In vitro studies evaluated the transmission profiles and photostability of three commercially available sunscreens, as well as their activity for protecting against UV-induced cytotoxicity and genotoxicity.
National report - Results of an in vitro study evaluating sunscreen prevention of UV-induced genotoxic damage indicates that a product's level of UVA absorption has greater relevance than its SPF value.
The methods involved the same experimental set-up used for in vitro SPF testing. Using a solar simulator to mimic realistic UV exposure conditions, cultured human keratinocytes were irradiated for up to 60 minutes, with or without sunscreen protection, provided by spreading a standardized amount of product or placebo on an overlying, UV-transparent slide.
Three commercially available SPF 15 sunscreens were evaluated. Assays performed evaluated cell survival and genotoxic damage using three different endpoints.
The three sunscreens performed comparably in protecting against irradiation-induced cytotoxicity.
However, the assays for genotoxic damage showed one product, which contained Mexoryl SX (L'Oréal), consistently provided significantly greater protection than the other two sunscreens.
Findings from spectroradiometry testing showed the Mexoryl SX product was the only sunscreen formulation that was both photostable and provided broad-spectrum absorption in the UVA and UVB range, according to Laurent Marrot, Ph.D., head of the phototoxicology unit, safety research department, L'Oréal Advanced Research, Aulnay-sous-Bois, France.
"By combining these in vitro biological approaches with spectroradiometric measurements to determine the nature and the intensity of UV transmitted through a calibrated product layer, we are able to attribute the adverse photobiological effects to a precise, inappropriately filtered domain of wavelengths corresponding to UVA radiation," Dr. Marrot says.
"Our study highlights that ... UVA radiation is clearly also involved in sunlight-induced genotoxicity. It is, thus, of importance to provide the public with sunscreens that are efficient and stable over the entire UV radiation range," he tells Dermatology Times.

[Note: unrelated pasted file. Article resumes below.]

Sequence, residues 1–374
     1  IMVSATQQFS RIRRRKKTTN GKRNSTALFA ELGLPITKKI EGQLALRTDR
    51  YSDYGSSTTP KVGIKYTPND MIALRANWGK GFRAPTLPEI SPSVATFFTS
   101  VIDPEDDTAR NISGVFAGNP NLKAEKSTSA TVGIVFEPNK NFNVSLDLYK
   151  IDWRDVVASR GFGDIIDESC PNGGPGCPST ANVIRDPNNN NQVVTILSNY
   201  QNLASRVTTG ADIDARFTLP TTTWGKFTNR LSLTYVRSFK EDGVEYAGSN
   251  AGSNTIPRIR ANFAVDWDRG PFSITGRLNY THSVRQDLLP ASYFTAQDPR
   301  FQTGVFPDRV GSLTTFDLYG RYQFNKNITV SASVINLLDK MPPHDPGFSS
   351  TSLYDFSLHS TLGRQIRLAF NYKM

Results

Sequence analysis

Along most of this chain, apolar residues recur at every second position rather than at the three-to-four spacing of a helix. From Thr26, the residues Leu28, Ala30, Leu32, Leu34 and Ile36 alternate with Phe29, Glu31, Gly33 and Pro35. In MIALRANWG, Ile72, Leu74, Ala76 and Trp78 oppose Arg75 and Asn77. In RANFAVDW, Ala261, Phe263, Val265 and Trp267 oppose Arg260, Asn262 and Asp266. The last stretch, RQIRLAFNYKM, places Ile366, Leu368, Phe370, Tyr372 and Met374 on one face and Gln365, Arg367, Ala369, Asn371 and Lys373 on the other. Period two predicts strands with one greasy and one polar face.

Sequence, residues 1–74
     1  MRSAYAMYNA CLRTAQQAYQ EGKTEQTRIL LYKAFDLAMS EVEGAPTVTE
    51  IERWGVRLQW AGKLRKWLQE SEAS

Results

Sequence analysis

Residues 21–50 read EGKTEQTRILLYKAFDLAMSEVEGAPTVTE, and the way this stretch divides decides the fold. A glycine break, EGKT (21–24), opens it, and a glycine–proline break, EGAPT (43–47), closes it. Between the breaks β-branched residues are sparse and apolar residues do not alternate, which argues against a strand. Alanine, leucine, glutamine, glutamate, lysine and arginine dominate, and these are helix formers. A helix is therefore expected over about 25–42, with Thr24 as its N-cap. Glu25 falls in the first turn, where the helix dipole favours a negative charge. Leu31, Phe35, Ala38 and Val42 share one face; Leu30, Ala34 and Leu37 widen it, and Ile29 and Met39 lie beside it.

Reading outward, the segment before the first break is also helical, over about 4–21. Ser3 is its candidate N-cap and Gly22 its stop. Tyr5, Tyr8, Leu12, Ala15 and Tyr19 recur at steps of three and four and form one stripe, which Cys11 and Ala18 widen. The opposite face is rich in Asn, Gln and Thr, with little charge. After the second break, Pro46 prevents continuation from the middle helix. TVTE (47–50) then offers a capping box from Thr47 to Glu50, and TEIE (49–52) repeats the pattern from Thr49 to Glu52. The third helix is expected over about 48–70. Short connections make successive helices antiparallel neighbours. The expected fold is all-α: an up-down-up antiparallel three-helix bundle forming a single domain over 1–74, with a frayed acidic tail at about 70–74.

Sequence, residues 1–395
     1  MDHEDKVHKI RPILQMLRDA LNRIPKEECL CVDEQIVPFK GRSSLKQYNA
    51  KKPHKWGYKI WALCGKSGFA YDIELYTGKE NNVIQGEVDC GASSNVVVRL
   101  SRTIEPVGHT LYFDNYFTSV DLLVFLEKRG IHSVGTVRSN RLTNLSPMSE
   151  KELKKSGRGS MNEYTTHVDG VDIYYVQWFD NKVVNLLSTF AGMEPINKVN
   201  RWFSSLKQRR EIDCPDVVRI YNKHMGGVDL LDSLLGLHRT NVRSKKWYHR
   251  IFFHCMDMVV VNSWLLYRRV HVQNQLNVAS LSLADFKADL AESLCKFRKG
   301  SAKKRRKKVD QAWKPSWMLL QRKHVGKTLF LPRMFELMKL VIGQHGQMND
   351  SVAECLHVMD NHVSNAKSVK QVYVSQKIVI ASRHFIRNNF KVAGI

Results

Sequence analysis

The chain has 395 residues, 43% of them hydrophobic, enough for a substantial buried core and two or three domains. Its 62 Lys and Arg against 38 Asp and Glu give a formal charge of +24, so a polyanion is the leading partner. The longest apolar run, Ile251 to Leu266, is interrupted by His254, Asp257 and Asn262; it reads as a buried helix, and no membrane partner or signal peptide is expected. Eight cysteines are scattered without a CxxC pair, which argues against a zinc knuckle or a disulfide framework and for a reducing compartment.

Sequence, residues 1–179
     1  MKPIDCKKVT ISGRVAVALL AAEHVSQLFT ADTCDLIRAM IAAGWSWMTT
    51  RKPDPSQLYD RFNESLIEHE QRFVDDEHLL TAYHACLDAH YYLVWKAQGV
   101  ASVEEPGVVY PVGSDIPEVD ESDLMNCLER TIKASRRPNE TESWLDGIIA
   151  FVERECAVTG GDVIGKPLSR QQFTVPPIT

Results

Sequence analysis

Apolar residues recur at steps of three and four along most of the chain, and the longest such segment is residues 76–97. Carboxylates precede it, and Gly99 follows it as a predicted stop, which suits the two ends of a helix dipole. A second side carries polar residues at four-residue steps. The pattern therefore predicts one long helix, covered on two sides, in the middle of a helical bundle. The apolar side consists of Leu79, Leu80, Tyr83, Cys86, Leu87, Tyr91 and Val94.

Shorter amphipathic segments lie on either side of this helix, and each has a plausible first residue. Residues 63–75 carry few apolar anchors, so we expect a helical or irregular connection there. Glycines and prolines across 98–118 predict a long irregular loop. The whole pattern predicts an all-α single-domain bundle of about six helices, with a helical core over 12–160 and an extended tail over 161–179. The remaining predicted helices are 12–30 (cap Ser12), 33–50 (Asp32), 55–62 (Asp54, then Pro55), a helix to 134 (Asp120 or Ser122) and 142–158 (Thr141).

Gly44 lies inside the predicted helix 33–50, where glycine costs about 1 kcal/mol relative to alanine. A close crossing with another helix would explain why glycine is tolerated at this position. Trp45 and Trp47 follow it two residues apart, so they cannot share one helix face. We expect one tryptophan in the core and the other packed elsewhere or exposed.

The Mexoryl SX-containing sunscreen was also formulated with 2 percent avobenzone and 10 percent octocrylene. A second product tested contained 6 percent octinoxate and 3 percent zinc oxide as active ingredients, and the third sunscreen was formulated with 3 percent avobenzone, 2 percent octisalate and 7.5 percent octinoxate.
The spectroradiometry study results showed the Mexoryl SX-containing product absorbed UV from 300 nm to 380 nm and maintained a stable transmission spectrum after 60 minutes of UV exposure. The product with octinoxate and zinc oxide was photostable but did not absorb UVA efficiently, while the third sunscreen provided broad-spectrum UV absorption, but its filtering efficiency decreased after 30 minutes of UV exposure.
The genotoxicity-related endpoints assessed in the study included measurement of oxidative DNA damage using the comet assay, detection of pyrimidine dimers by immunochemistry, and quantification of p53 accumulation by ELISA.
"Our strategy to study both DNA damage induction and p53 status is a very informative way to evaluate the intensity of a given photogenotoxic stress and to assess 'genome photoprotection' by sunscreen products," Dr. Marrot says.
He says the photocarcinogenic mechanisms of both UVB and UVA radiation involve induction of pyrimidine dimers. In addition, UVA toxicity occurs through generation of reactive oxygen species that trigger various pathways involved in tumor promotion; p53 plays a critical role in protecting the cell's genome integrity.
"Cells can manage low amounts of DNA damage using their basic repair equipment. When DNA damage reaches a critical level, specific signaling pathways, including p53, can be stimulated to maintain homeostasis. P53 allows DNA repair or triggers apoptosis when DNA alteration has reached an unacceptable level, thereby eliminating cells carrying irreparable genetic damage," Dr. Marrot says.
The researchers also highlighted that their study findings, which indicated that a defect of UVA absorption resulted in significant genotoxicity, underscore the limitation of using the SPF rating as a measure of sunscreen protection.
"The SPF rating is the only regulatory protection factor in the labeling of marketed sunscreen products, but it is based on the prevention of erythema, which mostly reflects protection in the UVB range of the solar spectrum," Dr. Marrot says.